Due to the limitation of in vivo studies on human brain, finite element modelling is an important tool to study brain injury. Although head finite element models are developed to mimic brain responses to impact conditions, there is a need to consider how closely these models simulate actual brain. In this work, the effect of brain material models, geometry of the head and the brain‐skull connection is investigated for a mild deceleration of the head by comparing the strain response of brain models with the strains measured using magnetic resonance imaging. The comparison considered the SIMon, THUMS, and GHBMC finite element head models. The simulated strain responses from all the models agreed with the experimental peak strain locations, but were lower in magnitude. While the brain model and brain‐skull connection of the SIMon model was different from the THUMS and the GHBMC models, the strain response of all the models was similar. For the simulated impacts considered here (~40 ms duration), the neck contributed measurably to the rotational acceleration of the head and, in turn, brain strain.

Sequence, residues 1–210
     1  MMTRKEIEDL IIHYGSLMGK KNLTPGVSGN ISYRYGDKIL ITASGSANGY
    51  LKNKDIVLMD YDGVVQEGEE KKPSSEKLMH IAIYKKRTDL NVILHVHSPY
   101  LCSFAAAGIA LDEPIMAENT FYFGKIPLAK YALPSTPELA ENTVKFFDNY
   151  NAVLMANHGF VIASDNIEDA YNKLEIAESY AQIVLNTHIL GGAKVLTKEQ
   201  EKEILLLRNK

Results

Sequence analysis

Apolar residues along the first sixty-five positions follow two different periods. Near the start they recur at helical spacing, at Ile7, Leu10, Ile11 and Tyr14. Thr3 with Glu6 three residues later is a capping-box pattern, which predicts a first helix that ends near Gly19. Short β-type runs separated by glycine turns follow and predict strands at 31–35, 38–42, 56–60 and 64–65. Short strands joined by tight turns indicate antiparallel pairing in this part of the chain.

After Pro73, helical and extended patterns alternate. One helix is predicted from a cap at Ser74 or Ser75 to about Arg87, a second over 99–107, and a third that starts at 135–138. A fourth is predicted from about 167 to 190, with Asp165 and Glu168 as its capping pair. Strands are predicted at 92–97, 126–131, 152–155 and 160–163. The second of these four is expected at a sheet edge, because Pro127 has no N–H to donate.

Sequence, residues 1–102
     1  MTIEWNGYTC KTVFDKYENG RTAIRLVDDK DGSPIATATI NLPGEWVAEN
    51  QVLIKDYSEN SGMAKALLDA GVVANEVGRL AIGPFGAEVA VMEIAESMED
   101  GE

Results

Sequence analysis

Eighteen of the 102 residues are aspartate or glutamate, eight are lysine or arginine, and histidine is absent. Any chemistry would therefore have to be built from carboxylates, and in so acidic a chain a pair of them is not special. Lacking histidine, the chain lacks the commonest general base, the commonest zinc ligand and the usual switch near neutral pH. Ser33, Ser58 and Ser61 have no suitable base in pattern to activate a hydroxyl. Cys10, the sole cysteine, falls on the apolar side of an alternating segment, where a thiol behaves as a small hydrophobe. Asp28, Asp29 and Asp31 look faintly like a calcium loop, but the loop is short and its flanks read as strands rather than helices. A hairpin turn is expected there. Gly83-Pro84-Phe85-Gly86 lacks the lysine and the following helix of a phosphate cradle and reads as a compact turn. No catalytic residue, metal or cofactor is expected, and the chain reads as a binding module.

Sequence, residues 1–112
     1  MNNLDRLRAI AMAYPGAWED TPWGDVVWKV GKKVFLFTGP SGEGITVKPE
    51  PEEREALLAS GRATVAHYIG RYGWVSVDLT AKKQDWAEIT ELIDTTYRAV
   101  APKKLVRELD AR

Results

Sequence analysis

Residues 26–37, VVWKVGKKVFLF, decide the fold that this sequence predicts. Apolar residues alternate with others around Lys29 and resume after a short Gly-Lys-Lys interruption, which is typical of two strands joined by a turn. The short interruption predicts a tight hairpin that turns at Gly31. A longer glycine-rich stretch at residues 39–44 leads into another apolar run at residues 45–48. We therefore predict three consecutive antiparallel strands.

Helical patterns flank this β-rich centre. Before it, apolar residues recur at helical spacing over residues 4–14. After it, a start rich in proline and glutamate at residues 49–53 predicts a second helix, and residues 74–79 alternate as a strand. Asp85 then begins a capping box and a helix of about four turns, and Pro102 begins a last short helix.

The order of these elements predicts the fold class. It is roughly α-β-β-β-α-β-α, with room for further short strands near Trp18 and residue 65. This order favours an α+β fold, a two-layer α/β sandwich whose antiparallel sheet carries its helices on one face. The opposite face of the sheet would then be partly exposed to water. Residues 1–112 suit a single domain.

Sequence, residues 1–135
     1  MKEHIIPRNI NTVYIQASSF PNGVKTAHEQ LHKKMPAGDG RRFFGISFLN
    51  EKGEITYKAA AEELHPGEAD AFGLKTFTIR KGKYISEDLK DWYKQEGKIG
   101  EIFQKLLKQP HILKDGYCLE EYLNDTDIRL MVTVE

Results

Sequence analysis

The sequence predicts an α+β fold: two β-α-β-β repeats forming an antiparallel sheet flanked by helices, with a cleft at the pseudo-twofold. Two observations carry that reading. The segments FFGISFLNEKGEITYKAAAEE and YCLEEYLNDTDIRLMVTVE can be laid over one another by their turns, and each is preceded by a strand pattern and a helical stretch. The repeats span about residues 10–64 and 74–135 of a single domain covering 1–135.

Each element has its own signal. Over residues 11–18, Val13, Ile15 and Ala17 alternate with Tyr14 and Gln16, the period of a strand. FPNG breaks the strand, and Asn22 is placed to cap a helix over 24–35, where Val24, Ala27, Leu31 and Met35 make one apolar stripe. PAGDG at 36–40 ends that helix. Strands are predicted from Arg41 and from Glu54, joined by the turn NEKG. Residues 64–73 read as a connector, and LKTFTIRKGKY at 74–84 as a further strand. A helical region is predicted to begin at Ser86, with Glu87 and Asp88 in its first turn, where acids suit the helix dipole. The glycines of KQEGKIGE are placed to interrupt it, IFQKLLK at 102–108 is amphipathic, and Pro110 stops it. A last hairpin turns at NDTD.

brain deformation, finite element head models, head kinematics, validation